Agents, Simulated Users and Humans

Maxwell, D. and Azzopardi, L. (2016) Agents, Simulated Users and Humans. In: 25th ACM International on Conference on Information and Knowledge Management, Indianapolis, IN, USA, 24-28 Oct 2016, pp. 731-740. ISBN 9781450340731 (doi:10.1145/2983323.2983805)

183472.pdf - Accepted Version



Most of the current models that are used to simulate users in Interactive Information Retrieval (IIR) lack realism and agency. Such models generally make decisions in a stochastic manner, without recourse to the actual information encountered or the underlying information need. In this paper, we develop a more sophisticated model of the user that includes their cognitive state within the simulation. The cognitive state maintains data about what the simulated user knows, has done and has seen, along with representations of what it considers attractive and relevant. Decisions to inspect or judge are then made based upon the simulated user's current state, rather than stochastically. In the context of ad-hoc topic retrieval, we evaluate the quality of the simulated users and agents by comparing their behaviour and performance against 48 human subjects under the same conditions, topics, time constraints, costs and search engine. Our findings show that while naive configurations of simulated users and agents substantially outperform our human subjects, their search behaviour is notably different from actual searchers. However, more sophisticated search agents can be tuned to act more like actual searchers providing greater realism. This innovation advances the state of the art in simulation, from simulated users towards autonomous agents. It provides a much needed step forward enabling the creation of more realistic simulations, while also motivating the development of more advanced cognitive agents and tools to help support and augment human searchers. Future work will focus not only on the pragmatics of tuning and training such agents for topic retrieval, but will also look at developing agents for other tasks and contexts such as collaborative search and slow search.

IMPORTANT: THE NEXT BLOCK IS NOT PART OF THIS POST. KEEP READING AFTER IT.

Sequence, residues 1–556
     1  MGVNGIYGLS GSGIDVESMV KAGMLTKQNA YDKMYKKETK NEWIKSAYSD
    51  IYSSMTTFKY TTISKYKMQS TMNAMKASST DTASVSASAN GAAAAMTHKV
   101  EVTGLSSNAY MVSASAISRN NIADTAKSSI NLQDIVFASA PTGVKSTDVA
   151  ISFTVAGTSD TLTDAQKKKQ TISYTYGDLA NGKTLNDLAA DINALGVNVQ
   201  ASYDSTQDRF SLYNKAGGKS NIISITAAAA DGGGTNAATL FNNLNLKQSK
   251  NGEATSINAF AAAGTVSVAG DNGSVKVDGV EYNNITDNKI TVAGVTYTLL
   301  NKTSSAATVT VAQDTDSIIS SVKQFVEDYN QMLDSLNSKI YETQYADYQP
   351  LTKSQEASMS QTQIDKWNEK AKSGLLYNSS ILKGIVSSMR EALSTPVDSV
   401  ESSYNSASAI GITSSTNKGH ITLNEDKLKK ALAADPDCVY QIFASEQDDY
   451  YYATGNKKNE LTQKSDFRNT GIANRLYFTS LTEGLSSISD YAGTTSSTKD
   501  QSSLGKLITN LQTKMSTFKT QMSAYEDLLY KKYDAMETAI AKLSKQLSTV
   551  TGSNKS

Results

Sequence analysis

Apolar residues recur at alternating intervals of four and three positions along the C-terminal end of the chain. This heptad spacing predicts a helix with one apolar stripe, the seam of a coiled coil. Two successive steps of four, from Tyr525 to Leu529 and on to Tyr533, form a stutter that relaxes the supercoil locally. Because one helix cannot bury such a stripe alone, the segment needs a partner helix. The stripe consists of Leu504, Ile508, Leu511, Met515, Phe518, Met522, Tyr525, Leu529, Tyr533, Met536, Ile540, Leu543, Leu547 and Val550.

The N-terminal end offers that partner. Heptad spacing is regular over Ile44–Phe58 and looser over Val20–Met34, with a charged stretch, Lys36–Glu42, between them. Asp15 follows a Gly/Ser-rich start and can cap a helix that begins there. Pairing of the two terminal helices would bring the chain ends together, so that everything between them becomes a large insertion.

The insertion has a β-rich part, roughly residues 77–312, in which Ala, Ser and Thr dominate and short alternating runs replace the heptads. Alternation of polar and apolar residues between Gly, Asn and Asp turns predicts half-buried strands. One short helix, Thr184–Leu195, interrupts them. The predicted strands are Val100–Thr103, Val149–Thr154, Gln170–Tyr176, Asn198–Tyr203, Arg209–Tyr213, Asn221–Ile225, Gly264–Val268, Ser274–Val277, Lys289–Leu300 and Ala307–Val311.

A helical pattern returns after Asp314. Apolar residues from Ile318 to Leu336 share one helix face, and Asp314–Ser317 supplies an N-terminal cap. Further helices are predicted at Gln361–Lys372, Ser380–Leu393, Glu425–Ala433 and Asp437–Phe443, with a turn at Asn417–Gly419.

Item Type:Conference Proceedings
Additional Information:The lead author is funded by the UK Government through the EPSRC, grant number 1367507.
Glasgow Author(s) Enlighten ID:Azzopardi, Dr Leif and Maxwell, Mr David
Authors: Maxwell, D., and Azzopardi, L.
College/School:College of Science and Engineering > School of Computing Science
Copyright Holders:Copyright © 2016 The Authors
First Published:First published in Proceedings of the 25th ACM International on Conference on Information and Knowledge Management 731-740
Publisher Policy:Reproduced in accordance with the copyright policy of the publisher

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